Five changes in cloud computing that every CEO must know

Five changes in cloud computing that every CEO must know
Five changes in cloud computing that every CEO must know

Here are the five biggest changes in cloud computing that every CEO must prepare to maximize opportunities and optimize their business.

The emergence of cloud computing is one of the most significant changes in information technology today, especially for business. But like a real cloud moving across the horizon, the technology keeps changing. Here are the five biggest changes in cloud computing that every CEO must prepare to maximize opportunities and optimize their business.

More successful migration:

While most businesses have diverted at least partially, if not all, of their computing, needs to the cloud, you will be surprised that thousands of people still struggle with the best way to use the cloud, especially small and medium businesses. As more and more companies of all sizes move their applications and services to the cloud, they streamline the modelling, testing, and scaling of their offerings in ways that were previously not possible. Regardless of the convenience and comfort provided by cloud solutions, the actual migration process can present serious problems, such as time lags and security challenges. Successful migration to the cloud is a critical process and requires planning, moving the least critical and most suitable cloud applications to test the water and help solve any problem when the process continues.

The emergence of original cloud & micro user services:

Docker and kubernetes are environments referred by “cloud Native”, which provides decouple services. The result is that developers can rely on a myriad of open code directories (such as Bluemix) available to build applications using the public source code, greatly reducing the risk of dependency. Decoupling also allows developers to focus on specific functions known as “micro-services,” breaking programs into small pieces that can be processed simultaneously, rather than relying on a single monolithic architecture to complete complex tasks. Microservices allows developers to handle it easier with repairs and updates, potentially providing a better user experience for customers. Although the “change” of this methodology can be very useful, there is a learning curve that requires a change in the next mindset.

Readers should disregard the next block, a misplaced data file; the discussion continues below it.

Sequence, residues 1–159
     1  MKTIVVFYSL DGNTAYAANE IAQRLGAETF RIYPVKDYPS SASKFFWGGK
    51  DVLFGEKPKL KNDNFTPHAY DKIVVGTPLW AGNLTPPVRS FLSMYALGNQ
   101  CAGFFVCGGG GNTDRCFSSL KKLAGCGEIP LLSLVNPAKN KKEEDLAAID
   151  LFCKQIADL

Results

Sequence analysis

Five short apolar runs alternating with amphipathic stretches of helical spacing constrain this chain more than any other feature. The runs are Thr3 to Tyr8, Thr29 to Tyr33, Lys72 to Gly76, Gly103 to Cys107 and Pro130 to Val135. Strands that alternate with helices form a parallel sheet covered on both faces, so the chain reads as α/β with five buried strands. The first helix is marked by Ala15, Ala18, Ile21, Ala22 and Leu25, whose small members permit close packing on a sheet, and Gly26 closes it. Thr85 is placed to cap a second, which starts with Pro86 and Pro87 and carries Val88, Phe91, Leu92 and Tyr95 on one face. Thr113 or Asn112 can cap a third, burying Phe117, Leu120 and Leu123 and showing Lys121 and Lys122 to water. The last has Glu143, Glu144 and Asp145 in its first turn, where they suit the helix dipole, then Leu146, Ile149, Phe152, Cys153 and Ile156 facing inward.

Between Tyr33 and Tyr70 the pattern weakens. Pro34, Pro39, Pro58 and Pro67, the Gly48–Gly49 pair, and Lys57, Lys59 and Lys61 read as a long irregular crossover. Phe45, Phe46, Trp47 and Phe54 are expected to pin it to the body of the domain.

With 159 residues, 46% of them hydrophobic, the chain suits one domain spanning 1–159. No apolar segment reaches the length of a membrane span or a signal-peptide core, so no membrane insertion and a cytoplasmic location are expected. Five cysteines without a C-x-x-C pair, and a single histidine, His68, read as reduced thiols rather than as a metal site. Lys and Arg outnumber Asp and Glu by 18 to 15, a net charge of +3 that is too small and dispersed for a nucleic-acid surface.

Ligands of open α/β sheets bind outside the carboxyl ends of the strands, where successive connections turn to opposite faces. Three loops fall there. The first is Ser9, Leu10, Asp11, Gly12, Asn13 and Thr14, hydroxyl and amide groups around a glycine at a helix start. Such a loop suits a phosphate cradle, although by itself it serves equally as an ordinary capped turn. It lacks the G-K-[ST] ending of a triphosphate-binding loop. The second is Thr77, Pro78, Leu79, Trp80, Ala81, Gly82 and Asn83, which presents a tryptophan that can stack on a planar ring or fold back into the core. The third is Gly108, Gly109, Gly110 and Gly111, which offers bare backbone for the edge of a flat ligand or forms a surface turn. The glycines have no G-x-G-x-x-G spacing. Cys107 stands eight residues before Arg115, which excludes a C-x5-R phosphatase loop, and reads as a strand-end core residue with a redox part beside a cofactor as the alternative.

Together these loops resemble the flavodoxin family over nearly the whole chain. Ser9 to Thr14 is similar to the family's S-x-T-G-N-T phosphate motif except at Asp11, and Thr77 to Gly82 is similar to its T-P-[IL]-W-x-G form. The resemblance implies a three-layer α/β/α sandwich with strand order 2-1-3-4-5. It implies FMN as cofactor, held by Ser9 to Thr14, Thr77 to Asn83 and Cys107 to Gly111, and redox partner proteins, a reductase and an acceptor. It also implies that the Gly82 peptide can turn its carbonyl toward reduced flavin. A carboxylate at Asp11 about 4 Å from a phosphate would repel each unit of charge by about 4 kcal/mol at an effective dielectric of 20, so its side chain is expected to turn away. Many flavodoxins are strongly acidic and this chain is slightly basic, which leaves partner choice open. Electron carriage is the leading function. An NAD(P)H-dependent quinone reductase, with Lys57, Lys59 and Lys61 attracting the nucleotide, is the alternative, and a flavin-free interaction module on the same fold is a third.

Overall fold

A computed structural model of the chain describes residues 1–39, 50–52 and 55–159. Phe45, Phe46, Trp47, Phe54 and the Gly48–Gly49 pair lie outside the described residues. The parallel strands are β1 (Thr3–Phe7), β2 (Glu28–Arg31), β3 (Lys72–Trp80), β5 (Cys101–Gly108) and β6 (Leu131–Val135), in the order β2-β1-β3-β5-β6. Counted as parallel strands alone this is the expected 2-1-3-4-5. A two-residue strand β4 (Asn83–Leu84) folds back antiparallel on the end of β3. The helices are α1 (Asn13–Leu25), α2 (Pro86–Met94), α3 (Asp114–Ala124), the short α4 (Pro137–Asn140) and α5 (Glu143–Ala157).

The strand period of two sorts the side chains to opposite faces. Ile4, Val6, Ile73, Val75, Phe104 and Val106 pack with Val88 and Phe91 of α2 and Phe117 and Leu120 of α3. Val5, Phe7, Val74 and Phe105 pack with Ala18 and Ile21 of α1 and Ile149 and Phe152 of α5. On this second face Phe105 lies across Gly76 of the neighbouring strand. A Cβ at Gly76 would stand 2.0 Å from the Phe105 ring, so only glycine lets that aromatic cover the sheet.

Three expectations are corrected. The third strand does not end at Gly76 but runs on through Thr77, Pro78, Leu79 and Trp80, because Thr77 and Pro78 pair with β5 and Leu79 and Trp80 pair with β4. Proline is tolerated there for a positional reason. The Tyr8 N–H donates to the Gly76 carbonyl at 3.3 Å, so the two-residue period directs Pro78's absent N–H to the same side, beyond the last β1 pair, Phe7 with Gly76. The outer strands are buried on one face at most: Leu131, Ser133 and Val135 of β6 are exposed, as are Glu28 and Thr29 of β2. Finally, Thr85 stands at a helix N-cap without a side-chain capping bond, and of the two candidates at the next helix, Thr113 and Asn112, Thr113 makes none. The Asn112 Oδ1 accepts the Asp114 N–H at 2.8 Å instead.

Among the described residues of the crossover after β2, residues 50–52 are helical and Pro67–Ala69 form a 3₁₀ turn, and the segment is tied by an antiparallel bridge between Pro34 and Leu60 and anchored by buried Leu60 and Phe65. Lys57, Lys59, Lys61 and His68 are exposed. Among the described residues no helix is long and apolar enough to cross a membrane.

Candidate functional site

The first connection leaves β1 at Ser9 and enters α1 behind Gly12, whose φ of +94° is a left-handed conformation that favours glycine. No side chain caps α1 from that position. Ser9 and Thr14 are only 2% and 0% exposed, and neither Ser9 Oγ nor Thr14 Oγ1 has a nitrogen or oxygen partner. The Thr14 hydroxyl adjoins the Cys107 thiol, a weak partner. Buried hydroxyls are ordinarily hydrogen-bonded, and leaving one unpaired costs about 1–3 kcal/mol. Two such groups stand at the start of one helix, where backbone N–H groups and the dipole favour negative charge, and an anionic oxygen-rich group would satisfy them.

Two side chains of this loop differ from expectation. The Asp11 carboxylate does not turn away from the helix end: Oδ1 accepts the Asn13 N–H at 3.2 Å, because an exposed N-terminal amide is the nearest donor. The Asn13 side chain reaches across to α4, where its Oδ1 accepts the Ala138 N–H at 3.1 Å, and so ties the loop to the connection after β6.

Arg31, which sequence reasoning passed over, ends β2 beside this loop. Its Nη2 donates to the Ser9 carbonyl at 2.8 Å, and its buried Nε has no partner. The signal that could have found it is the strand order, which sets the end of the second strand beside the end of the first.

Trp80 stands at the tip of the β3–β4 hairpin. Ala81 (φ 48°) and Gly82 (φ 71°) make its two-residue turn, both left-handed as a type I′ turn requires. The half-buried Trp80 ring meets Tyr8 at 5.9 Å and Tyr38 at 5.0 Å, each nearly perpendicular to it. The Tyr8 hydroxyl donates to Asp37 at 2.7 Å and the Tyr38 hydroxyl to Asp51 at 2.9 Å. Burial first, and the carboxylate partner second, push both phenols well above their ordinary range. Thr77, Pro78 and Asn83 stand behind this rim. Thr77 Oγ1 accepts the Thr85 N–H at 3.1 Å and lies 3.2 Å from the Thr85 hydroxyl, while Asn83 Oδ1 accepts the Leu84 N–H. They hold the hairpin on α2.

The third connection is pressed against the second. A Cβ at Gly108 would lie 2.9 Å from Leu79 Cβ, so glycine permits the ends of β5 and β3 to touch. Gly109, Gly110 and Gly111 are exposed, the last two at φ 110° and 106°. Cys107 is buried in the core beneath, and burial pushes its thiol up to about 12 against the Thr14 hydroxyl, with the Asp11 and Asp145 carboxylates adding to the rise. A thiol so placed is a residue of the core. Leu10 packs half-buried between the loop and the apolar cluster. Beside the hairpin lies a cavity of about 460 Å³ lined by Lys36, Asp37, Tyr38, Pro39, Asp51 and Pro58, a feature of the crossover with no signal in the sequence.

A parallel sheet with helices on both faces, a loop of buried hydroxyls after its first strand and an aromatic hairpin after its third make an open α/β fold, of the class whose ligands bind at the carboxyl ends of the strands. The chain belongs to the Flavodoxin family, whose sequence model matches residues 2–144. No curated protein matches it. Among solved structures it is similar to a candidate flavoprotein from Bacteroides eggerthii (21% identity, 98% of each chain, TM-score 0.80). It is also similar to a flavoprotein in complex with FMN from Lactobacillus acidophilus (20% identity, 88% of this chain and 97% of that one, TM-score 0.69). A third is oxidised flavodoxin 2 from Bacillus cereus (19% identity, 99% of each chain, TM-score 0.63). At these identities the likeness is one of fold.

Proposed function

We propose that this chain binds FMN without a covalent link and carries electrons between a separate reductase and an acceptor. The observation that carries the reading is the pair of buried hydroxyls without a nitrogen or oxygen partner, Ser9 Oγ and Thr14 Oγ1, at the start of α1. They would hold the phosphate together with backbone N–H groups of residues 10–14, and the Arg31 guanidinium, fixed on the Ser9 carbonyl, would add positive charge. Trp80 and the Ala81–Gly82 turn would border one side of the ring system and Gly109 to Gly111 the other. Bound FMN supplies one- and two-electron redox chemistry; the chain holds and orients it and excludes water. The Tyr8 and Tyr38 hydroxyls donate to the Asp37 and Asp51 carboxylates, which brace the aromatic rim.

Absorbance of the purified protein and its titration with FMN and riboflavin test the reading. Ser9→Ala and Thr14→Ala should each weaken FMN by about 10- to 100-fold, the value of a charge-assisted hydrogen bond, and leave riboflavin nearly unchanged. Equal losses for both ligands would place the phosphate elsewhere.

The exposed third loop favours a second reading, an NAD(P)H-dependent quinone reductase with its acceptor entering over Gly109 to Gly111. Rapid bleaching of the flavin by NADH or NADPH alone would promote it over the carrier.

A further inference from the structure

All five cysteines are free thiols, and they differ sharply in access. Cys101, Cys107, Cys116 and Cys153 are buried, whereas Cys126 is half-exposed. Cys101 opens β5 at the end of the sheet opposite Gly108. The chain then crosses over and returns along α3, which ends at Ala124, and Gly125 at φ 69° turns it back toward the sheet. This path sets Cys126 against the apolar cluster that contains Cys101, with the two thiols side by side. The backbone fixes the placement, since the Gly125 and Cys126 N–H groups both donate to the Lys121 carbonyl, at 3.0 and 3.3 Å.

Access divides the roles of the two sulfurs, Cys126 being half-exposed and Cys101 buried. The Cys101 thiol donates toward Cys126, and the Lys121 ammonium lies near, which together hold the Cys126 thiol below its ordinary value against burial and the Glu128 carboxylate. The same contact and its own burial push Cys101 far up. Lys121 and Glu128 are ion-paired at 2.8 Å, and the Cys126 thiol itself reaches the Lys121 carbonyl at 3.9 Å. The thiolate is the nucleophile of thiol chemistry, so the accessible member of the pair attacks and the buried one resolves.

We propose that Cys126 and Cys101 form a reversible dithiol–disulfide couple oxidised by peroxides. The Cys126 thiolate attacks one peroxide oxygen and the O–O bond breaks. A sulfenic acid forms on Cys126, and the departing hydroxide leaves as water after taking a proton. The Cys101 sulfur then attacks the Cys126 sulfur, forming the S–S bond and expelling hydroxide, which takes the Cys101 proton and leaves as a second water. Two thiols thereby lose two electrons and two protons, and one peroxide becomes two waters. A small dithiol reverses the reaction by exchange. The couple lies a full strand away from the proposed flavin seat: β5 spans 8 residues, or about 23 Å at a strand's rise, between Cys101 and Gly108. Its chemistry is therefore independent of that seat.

Edge computing:

Cloud computing offers endless opportunities, but increasing use of connected devices effectively reduces cloud bandwidth, slowing down computing. The current system often sends all available data to the cloud, whether useful or not, clogging up bandwidth and providing less effective services. Traffic congestion on the data highway will only get worse with the arrival of tsunami data that will be carried by the IoT revolution. We currently produce 2.5 quintillion bytes of data every day and will have more than 20 billion connected devices by 2020. Edge Computing is a new solution to overcome this challenge. Edge computing allows businesses to store and process “on-site” or central data physically closer than a cloud – that is, on the “edge” of the network – which means there is far less latency and, furthermore, faster and better services. Edge computing will help enable next-generation technology such as autonomous vehicles (where latency can be the difference between driverless mobility, fatal accidents and accidents) and targeted customer interactions as part of the omnichannel retail experience, potentially rejuvenating brick-and-mortar shopping, and much more. Edge computing solutions are designed to suit the demands of use cases because data storage and hospital computing will be different from data storage and smart city computing or concert venues. Companies must find ways to combine edge computing to be more effective and more efficient with their limited resources.